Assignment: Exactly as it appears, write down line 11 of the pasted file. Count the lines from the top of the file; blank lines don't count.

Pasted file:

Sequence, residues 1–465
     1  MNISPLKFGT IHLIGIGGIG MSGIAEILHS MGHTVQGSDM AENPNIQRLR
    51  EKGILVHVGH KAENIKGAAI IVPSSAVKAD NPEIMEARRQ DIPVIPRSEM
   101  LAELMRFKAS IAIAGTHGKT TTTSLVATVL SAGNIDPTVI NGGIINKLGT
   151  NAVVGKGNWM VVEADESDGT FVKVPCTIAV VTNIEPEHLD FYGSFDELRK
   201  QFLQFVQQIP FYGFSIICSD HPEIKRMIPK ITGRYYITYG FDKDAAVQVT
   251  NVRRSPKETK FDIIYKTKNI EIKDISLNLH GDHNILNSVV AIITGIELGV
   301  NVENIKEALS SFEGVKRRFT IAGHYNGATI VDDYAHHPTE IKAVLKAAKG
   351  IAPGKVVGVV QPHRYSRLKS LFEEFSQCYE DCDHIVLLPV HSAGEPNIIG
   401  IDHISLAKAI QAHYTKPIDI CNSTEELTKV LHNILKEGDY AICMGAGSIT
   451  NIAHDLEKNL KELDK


   451  NIAHDLEKNL KELDK